By itself, cognitive psychology could never have achieved this. As the behaviourists realized decades before, there are any number of ways that the "black box:" might be wired up to produce a particular response from a given stimulus. The task is a bit like trying to understand the exact coding of an entire operating system by observing input and output! How, then, to bridge the gap between theoretical models of how our minds work and the brains—once memorably described as being "like two fistfuls of porridge"—that actually do the job?

The solution has come from various sciences, a closely linked ensemble of neurological and other relevant disciplines that study different aspects of the brain’s workings in somewhat different ways.

Neuroanatomy, for example, focuses on the structure of the brain; it can be studied by dissecting the brains of animals or people who have died or by looking at brain scans of living people. This has helped us to see what areas of the brain are active when different functions are performed.

Neurochemistry looks at the chemical messengers (neurotransmitters) that carry signals between brain cells, around fairly well-defined "circuits".  This has helped us determine what physiological events and behaviors transmitters correlate with.

Neuropsychology studies patients unlucky enough to have suffered "lesions" (relatively localized brain damage caused by strokes, brain tumours, and head injuries) and tries to find out what kinds of things those people can no longer do. This has helped us understand what networks could be involved in what functions.

Biological psychology studies the links between brain, body and mind, and is one of the more useful fields for NH information, having given us a much clearer understanding of how we learn and the effects of anxiety and lifestyle on body & mind. This is invaluable for personal practice.

Evolutionary psychology studies the links between evolutionary environment, genetic inheritance and behavior, and is a useful field in understanding NH theory.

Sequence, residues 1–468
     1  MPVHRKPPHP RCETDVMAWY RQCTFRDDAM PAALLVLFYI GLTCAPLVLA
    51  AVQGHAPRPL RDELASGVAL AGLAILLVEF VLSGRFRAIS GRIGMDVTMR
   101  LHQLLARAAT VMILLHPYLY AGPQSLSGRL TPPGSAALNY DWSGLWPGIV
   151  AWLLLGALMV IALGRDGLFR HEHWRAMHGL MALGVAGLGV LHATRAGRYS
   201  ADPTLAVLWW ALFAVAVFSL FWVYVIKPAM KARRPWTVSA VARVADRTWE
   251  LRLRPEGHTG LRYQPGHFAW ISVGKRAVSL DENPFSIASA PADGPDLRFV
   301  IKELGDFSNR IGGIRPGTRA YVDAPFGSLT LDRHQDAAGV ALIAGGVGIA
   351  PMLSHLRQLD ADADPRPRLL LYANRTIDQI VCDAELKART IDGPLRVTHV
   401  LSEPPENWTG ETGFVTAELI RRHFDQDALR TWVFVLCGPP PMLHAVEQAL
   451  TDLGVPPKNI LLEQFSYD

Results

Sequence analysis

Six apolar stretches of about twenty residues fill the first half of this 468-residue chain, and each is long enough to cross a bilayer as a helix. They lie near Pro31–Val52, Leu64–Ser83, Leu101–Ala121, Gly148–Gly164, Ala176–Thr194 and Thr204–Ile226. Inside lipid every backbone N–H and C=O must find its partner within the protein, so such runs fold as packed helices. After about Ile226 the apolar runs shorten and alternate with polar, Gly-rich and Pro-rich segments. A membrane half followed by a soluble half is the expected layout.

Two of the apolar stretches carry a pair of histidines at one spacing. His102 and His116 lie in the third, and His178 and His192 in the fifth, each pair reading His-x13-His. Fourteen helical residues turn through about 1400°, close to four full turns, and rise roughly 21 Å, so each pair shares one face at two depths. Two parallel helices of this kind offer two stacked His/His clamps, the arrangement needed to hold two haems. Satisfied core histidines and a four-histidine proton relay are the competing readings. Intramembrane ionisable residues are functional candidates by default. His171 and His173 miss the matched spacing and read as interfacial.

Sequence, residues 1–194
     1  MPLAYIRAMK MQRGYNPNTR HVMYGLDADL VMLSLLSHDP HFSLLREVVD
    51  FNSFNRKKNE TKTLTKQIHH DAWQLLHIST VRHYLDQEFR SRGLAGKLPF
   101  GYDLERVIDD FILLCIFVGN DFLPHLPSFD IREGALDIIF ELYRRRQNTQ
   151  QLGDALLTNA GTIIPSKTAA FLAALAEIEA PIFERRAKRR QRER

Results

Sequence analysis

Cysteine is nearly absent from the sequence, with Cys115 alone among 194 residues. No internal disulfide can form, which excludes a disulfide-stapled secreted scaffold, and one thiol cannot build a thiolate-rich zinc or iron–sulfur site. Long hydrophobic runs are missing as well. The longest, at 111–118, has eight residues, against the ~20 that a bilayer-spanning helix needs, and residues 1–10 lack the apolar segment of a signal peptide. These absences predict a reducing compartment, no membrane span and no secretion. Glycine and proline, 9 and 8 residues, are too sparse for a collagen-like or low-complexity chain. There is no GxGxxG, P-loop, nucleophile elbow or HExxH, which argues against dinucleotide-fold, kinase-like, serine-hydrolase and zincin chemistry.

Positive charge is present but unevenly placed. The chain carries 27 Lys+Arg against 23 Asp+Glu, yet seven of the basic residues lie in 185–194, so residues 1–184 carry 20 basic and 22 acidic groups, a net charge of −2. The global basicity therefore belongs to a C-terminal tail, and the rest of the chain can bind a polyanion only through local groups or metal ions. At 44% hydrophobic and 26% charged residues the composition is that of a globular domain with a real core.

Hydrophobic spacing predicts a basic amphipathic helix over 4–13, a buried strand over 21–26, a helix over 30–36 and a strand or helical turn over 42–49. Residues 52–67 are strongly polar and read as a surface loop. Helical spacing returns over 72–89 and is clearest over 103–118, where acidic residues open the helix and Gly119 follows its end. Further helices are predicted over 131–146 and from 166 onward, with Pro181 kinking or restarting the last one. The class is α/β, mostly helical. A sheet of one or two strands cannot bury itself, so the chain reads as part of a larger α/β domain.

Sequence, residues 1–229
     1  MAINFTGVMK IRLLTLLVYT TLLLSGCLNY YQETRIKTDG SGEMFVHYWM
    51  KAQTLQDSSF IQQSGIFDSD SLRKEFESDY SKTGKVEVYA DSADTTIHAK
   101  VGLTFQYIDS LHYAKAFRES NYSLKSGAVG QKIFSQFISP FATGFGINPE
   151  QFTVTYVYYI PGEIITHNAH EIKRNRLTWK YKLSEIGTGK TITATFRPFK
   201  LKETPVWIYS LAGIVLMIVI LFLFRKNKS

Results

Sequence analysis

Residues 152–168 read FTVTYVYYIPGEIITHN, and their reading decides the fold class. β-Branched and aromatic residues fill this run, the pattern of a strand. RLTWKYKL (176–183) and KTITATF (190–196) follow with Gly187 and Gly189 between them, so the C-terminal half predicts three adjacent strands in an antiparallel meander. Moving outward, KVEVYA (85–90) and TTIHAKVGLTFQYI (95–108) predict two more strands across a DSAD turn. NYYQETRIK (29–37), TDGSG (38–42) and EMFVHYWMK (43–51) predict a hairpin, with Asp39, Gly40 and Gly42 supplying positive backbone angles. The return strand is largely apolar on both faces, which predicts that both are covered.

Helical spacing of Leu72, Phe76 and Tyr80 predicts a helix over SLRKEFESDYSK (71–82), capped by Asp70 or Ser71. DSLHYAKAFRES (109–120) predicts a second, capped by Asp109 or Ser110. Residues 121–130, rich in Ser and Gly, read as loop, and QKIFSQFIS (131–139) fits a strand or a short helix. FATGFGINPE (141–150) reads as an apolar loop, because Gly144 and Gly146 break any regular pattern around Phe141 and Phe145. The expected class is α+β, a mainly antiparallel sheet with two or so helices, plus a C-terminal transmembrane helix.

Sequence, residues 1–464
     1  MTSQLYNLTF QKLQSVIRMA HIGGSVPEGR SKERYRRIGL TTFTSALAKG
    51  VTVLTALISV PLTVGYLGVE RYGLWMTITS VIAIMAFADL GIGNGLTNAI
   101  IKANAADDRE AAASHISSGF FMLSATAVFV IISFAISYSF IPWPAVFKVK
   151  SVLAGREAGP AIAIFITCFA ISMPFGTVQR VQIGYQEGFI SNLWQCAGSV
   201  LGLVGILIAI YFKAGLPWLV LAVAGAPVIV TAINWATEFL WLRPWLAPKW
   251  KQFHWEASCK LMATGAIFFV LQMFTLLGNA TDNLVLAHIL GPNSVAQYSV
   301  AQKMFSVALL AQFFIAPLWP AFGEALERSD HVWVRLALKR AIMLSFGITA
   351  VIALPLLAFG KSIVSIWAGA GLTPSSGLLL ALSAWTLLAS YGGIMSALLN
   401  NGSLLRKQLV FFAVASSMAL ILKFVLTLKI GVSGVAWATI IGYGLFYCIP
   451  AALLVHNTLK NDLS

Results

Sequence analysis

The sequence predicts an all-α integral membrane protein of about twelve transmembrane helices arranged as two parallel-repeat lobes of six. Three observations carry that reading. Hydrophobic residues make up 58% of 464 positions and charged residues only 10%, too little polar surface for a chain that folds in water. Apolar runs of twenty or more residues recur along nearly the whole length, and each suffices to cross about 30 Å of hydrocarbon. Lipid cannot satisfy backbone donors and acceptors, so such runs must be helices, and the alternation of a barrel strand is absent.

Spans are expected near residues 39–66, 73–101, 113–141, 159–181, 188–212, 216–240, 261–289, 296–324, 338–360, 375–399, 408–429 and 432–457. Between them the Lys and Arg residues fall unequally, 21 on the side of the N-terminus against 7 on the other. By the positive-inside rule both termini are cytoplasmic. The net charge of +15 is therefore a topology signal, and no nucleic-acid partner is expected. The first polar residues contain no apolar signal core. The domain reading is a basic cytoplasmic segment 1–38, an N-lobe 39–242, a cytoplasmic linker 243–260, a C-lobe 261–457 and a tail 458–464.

Genetics and most especially epigenetics has given us vital information that together with Hebbian plasticity have solved many of the mysteries of intelligence and given us powerful tools in NH. Yet these terms are so recent you may not have even heard of them yet. As I said, you're in for a few surprises.

Importantly, the “nature or nurture” argument is over. The discovery of the brain’s plasticity and the nature of epigenetics have shown us that it is interaction between genes and an appropriate environment that results in the emergence of intelligence.


Intelligence is not IQ

This is going to be a tough myth to bust, but the proof is inescapable. During the latter part of the 20th century, neuroscientists made good progress understanding not just the gross structure of the brain but also in separating the functions of intelligence, such as intellect, creativity, memory, imagination and emotion into their interacting components. In the 21st century, we know that several functions are essential for intelligence and IQ is only one of them. Mapping the brain and understanding exactly how the different components and circuits work together has become much easier due to the technology and techniques now available to us.


The Latest Part of this History: We Were There, Dudes!

Between 1980 and 2000, six important steps in neuroscience and other areas advanced our understanding of brain dynamics and function by several orders of magnitude: